What we’ve learned from our market research assessment
During the last few weeks, we finally carried out our market research project by interviewing four different target groups; 1) residents undertaking vocational skills training courses at three shelters, 2) government and non-governmental vocational skills training centres for women, 3) local small to medium sized businesswomen and 4) international NGOs that implement vocational skills training courses and income-generating programmes for women.
We have uncovered a wealth of information and at the moment, are still trying to develop an action plan for the reintegration component of AFESIP. The action plan will provide recommendations on whether to expand or improve the training curriculum at AFESIP’s shelters (or both) and if yes, what courses should be implemented or act as a supplement to the existing courses; hairdressing and sewing.
What do the residents say?
About 150 women were interviewed based on a series of questions and a list of 21 training options were given to them in the forms of pictures (see photo above). They were asked to choose 3 training courses which they would like to take if they are each given more options than the current ones .
Our questionnaire revealed that majority (more than 70%) of the residents at the shelter will return to their families in the village after they complete their vocational skills training courses. While majority of them are happy with the current two training courses, an overwhelming number would like to have some form of computer lessons and if they are given more options, many would like to choose agriculture (particularly fish-raising), cooking, running small businesses, tourism and traditional dancing courses.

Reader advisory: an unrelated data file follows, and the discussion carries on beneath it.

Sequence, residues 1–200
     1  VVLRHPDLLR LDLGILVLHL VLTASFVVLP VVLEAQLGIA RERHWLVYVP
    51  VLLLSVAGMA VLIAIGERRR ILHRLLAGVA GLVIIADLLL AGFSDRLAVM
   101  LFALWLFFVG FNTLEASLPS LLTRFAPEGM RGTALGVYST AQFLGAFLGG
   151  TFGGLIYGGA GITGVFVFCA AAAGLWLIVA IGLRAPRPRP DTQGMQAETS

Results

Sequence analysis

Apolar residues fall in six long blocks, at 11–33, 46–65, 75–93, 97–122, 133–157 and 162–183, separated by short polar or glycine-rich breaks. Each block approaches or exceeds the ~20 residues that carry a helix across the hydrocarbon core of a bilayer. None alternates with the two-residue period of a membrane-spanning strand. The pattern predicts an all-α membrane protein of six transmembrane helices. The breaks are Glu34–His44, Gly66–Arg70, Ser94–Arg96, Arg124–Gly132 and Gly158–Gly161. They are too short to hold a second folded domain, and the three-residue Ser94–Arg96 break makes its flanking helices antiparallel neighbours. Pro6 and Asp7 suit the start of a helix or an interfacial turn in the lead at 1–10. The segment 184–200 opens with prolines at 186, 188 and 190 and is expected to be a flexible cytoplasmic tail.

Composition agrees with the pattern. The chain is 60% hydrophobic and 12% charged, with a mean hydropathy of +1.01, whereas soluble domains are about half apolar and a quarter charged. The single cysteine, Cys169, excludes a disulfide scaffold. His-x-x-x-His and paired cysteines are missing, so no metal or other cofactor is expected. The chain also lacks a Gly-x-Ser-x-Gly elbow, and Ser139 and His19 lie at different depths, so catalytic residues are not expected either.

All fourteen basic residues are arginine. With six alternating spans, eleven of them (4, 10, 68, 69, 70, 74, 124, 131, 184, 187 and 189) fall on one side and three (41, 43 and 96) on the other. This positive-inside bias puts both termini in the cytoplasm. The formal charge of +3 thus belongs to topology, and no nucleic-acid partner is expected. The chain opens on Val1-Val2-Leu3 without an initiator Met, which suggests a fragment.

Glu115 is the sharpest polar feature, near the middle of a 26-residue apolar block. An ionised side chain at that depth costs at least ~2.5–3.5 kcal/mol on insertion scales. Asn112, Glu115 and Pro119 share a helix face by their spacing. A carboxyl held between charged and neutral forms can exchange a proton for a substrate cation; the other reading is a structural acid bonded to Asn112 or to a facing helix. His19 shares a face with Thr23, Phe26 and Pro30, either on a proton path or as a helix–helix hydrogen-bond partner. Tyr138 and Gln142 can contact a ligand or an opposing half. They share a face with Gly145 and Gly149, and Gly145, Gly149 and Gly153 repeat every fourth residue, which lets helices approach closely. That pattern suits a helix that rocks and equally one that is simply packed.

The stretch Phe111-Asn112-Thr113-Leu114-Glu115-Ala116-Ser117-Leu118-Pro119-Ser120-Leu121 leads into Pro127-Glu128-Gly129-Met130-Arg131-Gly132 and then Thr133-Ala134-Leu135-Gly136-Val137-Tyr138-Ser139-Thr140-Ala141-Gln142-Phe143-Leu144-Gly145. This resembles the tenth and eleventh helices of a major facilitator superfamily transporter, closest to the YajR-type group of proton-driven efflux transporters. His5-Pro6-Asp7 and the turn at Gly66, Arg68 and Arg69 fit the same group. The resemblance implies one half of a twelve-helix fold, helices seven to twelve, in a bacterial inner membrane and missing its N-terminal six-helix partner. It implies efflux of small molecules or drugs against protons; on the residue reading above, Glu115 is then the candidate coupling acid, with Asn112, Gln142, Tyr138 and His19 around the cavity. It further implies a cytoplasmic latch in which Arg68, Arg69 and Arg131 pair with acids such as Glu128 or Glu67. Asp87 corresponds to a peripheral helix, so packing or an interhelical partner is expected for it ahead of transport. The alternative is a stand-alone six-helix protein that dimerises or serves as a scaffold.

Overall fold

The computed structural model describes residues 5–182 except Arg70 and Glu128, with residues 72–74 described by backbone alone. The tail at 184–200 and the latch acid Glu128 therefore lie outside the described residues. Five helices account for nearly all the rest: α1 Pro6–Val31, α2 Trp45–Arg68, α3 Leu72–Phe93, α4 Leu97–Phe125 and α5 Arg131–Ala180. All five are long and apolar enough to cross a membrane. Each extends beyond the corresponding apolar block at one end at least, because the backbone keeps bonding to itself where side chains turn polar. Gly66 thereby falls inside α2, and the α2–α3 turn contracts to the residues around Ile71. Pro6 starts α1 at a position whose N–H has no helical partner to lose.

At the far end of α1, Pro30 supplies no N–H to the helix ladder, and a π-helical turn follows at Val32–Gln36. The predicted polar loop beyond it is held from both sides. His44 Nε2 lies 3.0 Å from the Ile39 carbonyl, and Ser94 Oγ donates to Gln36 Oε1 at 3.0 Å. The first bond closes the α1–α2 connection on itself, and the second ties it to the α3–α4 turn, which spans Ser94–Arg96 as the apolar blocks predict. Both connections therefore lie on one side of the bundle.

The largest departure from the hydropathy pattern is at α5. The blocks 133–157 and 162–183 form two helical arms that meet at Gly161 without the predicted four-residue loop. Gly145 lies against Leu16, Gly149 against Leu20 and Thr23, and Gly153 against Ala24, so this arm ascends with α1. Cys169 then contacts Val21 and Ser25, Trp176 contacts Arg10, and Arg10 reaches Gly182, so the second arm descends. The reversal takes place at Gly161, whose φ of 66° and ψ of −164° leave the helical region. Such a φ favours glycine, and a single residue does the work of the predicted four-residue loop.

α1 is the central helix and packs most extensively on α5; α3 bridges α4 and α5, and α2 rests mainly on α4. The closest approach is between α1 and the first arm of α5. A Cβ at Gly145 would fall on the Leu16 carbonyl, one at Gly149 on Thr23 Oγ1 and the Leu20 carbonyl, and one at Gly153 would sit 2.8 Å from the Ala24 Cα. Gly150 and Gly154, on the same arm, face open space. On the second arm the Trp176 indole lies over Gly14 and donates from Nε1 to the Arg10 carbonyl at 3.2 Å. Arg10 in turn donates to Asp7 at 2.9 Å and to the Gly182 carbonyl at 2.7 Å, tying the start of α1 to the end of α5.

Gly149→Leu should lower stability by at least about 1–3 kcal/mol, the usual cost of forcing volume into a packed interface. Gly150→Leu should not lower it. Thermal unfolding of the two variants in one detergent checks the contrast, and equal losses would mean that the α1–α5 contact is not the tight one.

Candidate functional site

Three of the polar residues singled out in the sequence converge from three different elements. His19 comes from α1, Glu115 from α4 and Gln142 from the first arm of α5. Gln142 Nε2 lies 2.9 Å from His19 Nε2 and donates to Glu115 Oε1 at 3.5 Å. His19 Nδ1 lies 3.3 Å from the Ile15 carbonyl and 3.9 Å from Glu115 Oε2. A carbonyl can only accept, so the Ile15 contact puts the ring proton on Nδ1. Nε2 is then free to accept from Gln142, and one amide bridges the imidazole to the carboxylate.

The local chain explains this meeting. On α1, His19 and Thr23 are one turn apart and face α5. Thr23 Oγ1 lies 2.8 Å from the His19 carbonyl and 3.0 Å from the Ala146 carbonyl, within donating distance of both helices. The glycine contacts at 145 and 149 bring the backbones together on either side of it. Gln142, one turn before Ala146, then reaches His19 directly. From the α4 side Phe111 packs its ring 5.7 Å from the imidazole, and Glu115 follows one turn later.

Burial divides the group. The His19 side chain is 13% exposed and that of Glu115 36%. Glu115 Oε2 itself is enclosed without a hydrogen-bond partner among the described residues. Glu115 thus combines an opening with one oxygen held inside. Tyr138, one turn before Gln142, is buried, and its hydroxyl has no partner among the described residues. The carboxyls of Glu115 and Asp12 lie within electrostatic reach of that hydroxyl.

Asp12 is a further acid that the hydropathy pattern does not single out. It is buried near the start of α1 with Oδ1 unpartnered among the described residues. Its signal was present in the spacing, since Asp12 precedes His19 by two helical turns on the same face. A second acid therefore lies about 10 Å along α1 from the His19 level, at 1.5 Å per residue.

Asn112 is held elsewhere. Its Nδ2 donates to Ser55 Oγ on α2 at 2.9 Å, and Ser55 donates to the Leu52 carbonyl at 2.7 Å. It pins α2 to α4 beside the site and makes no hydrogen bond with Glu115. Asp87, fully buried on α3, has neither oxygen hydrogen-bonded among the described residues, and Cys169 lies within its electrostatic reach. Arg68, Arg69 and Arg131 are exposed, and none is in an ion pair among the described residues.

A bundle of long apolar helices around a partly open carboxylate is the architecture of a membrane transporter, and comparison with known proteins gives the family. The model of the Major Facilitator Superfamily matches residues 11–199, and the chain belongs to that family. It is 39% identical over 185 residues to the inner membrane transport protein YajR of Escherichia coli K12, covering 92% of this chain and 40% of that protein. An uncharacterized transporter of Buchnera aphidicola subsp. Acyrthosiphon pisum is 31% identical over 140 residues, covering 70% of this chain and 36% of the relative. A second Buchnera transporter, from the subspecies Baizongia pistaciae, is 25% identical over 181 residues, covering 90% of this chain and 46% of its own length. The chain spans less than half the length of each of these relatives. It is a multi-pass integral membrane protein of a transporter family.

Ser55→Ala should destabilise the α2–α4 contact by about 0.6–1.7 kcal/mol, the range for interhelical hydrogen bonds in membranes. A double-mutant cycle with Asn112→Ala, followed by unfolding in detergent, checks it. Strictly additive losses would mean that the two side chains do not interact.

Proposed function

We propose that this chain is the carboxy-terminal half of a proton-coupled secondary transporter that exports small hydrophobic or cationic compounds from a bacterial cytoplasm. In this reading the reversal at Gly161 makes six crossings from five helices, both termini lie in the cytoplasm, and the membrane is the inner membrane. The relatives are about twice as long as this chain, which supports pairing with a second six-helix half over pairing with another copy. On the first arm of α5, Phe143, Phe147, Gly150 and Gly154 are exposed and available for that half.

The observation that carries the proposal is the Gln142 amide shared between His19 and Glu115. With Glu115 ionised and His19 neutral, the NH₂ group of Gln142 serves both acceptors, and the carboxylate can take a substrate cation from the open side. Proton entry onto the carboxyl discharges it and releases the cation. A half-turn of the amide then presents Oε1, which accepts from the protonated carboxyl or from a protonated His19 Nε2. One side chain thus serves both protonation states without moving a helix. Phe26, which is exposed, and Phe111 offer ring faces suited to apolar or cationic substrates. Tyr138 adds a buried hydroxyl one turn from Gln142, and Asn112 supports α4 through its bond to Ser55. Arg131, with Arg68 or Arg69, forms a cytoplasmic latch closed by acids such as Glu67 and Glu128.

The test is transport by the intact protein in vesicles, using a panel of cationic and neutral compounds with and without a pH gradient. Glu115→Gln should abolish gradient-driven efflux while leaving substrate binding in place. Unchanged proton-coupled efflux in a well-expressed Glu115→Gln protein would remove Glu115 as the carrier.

Surprisingly (or rather unsurprisingly), none of these women chose housekeeping as an alternative course. We are uncertain as to whether the reason was because most of the women do not feel that they need to be trained on domestic science or that they do not want to pursue a career as a domestic helper.
What we learned from the government and non-governmental vocational training centres for disadvantaged women
We visited several training centres in Phnom Penh, Kampong Chhnang, Kampong Cham, Kampong Speu and Siem Reap. It was interesting that all the centres provide the same courses; hairdressing and sewing. Some offer silk weaving and food processing as well. It’s easy to understand why training options are limited to these and but at the same time, difficult to imagine that such homogenous career paths can help the women to become more competitive in the market. In the end, it feels as if all the women will become either a hairdresser, tailor or garment factory workers.
One of the main reasons that hairdressing, sewing and silk weaving trainings are such popular options is because majority of these women have very low education level. These training courses do not need much literacy skills and at the same time, there is a high and consistent demand for hairdressing and tailoring services in a country where weddings and cultural ceremonies are part and parcel of community living all over the country. Cambodia is also a country which depends heavily on its garment industry where big labels like Gap, Banana Republic, Abercrombie and Finch, etc. are being outsourced here. Nevertheless, there has always been a fear that these labels may not stay for long in Cambodia once economic trade agreements change and other less developing countries begin to provide cheaper labour.
The other thing we learned is that in order for these centres to be sustainable, it needs to form network and partnership with international organizations, governmental agencies, financial institutions and business associations. The Ministry of Women’s Affairs (MoWA), Ministry of Labour and Vocational Trainings (MoLVT), International Labour Organization (ILO), UNDP, Asian Development Bank (ADB), JICA and World Bank are the key partners in programmes like this.
- to be continued -